The Ad Contrarian: Agencies are selling clients the wrong kind of miracles

by Bob Hoffman (@adcontrarian) With the exceptions of pop music and fashion, there is probably no more trendy business than advertising. Every few years we invent a trendy new miracle and everyone immediately jumps on it. But selling the wrong kind of miracles is a very dangerous and short-sighted habit to adopt.

The Ad Contrarian: The five dumbest ideas about online advertising

by Bob Hoffman (@adcontrarian) The phenomenal rise of the internet as a medium of communication, information, and entertainment has given rise to some equally phenomenal conceptual flops about advertising. Today, we take inventory of these dumb ideas. We have selected our five favorites and we present them to you in one neat little bundle, in no particular order, but numbered to keep you on track.

The Ad Contrarian: eBay — paid search is worthless

by Bob Hoffman (@adcontrarian) A study done by eBay on the effectiveness of paid search for established brands has found it to be worthless. Presumably, eBay commissioned the study to figure out how much of their search money was being wasting. Their conclusion seems to be: all of it.

Social Media Gets An Ass-Whooping From Google, Email

Over four years ago, in a post entitled Looking For Volunteers, I wrote the following…

“TAC predicts that when the frenzy over Facebook, Twitter, and other social media calms down and the dust clears, email and search will continue to be the dreariest and most productive forms of online advertising.”

In an article on Monday entitled “Email Is Crushing Twitter, Facebook for Selling Stuff Online” Wired had this to say:

“An endless stream…of advice from marketing consultants warns businesses that they need to “get” social… Despite the hype… it’s relatively antique tech that appears to be far more important for selling stuff online.

Wired’s source for this article was a company called Custora that studied “72 million customers shopping on 86 different retailer sites.” Their conclusion: search and email are far more effective at generating sales results than Facebook, Twitter and banner ads.

Why advertising is business insurance

On April 23 of this year, Apple reported…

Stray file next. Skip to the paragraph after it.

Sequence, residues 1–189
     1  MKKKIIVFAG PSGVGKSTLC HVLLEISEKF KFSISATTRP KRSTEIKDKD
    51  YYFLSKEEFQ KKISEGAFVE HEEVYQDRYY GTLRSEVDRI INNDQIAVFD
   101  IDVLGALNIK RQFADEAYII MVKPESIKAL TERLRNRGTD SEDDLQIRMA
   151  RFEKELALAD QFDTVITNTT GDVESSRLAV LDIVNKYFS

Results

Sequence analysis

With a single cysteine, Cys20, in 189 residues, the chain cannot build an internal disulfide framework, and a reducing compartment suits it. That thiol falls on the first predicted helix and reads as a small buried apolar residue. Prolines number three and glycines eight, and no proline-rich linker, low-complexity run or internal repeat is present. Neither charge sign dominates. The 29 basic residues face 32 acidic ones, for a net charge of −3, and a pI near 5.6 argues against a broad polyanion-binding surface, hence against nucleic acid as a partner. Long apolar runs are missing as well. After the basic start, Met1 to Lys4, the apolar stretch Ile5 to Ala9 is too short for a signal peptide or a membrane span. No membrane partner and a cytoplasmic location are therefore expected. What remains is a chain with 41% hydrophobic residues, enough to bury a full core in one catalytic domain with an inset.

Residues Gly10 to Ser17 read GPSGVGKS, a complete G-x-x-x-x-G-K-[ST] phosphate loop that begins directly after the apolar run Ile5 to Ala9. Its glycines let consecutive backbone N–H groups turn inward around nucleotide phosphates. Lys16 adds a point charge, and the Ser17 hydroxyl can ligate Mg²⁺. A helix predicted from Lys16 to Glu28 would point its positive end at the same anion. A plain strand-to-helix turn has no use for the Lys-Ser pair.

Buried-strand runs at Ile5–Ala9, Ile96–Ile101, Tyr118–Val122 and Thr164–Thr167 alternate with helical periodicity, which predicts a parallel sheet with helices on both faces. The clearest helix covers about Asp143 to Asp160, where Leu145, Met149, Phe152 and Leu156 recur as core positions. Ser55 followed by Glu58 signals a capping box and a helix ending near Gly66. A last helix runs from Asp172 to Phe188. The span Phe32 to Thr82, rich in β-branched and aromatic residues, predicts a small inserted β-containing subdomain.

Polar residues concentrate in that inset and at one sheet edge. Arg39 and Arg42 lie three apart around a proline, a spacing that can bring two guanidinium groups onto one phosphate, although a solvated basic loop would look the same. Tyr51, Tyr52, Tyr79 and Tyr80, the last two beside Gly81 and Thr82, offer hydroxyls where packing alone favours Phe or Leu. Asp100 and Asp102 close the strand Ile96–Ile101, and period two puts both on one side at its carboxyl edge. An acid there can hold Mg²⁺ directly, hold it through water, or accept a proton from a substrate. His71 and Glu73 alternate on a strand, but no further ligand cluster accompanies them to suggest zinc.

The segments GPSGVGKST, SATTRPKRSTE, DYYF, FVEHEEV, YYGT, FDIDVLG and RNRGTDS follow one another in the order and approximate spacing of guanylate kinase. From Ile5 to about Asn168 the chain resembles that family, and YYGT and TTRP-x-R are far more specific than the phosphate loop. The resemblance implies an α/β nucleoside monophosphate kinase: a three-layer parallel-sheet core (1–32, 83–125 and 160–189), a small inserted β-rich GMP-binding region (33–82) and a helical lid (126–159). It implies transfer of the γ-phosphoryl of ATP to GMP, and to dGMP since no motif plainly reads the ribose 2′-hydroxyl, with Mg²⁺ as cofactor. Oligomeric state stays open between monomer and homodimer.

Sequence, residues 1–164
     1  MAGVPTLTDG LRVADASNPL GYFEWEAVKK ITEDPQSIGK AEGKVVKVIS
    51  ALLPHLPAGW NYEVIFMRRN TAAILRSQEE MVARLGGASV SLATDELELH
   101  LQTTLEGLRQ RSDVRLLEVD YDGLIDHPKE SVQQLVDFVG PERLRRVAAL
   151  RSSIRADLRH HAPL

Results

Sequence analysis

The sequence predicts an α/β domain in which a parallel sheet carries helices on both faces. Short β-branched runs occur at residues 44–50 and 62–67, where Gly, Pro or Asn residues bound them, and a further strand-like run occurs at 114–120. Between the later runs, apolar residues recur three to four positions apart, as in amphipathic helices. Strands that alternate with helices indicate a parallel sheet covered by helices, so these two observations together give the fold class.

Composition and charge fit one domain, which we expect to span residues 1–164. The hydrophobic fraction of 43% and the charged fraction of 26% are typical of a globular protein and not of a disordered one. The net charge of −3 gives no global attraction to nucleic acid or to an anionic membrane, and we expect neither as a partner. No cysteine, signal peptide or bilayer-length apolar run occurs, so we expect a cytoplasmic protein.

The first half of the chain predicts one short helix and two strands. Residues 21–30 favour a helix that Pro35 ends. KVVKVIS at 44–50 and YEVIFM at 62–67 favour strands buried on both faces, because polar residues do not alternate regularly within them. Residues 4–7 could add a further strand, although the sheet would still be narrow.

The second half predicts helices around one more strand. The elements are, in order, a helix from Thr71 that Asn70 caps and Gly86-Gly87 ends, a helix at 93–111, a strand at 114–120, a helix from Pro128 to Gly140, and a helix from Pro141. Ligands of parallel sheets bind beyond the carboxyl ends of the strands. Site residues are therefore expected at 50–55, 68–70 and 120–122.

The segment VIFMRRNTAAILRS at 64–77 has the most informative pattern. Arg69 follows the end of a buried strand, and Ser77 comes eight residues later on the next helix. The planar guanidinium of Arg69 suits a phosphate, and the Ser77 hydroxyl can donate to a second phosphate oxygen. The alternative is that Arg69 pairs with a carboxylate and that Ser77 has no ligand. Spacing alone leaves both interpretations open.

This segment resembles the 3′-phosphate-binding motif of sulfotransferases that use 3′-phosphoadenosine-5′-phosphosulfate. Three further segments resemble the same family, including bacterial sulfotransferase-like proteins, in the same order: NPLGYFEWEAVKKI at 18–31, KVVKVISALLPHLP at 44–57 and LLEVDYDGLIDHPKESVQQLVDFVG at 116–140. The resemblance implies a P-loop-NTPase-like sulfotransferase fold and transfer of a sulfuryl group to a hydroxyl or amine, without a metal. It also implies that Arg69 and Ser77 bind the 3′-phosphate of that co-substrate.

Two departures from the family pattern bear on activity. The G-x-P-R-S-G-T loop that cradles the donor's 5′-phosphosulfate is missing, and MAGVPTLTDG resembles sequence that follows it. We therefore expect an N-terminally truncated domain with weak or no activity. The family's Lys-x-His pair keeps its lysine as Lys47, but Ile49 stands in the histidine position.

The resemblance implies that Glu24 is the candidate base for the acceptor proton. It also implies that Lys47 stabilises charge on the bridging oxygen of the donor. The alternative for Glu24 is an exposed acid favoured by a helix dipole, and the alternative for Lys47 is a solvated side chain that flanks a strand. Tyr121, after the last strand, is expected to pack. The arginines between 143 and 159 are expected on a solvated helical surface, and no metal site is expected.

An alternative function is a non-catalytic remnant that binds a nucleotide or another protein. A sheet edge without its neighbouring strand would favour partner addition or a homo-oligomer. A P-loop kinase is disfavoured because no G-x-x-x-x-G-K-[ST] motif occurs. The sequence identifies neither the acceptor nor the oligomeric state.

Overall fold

“We are pleased to report record March quarter revenue thanks to continued strong performance of iPhone and iPad,”

This report was remarkable for two reasons: First, it is generally believed that Apple has not introduced any new products or features of major interest to consumers in about two years. This in an industry whose oxygen is new products and features.

Second, it is also believed that Apple’s advertising has fallen from the lofty standard it had established over previous years, to a point that it is now inferior to its rivals in the tech industry.

So how did they achieve record revenues?

Beware Of Marketers With Ideologies

In 1996, Seth Godin had this to say to Fast Company…

“I guarantee you that by the year 2000, Internet banner ads will be gone.”

Oops.

Let’s be fair to Seth. He’s a very smart guy and he has been right about a lot of things. But the problem with the above statement, like so many aspects of marketing these days, is that it is rooted in ideology.

Seth’s ideology was “permission marketing.” He believed that the “interruption model” of traditional advertising was on the way out, and that in order to communicate effectively with consumers, marketers would need their “permission.”

Like much of new age marketing philosophy, it sounds lovely. The problem is that the world is impossibly complicated. Having operating principles is fine, but being ideologically committed to a “big idea” often ends in a train wreck.

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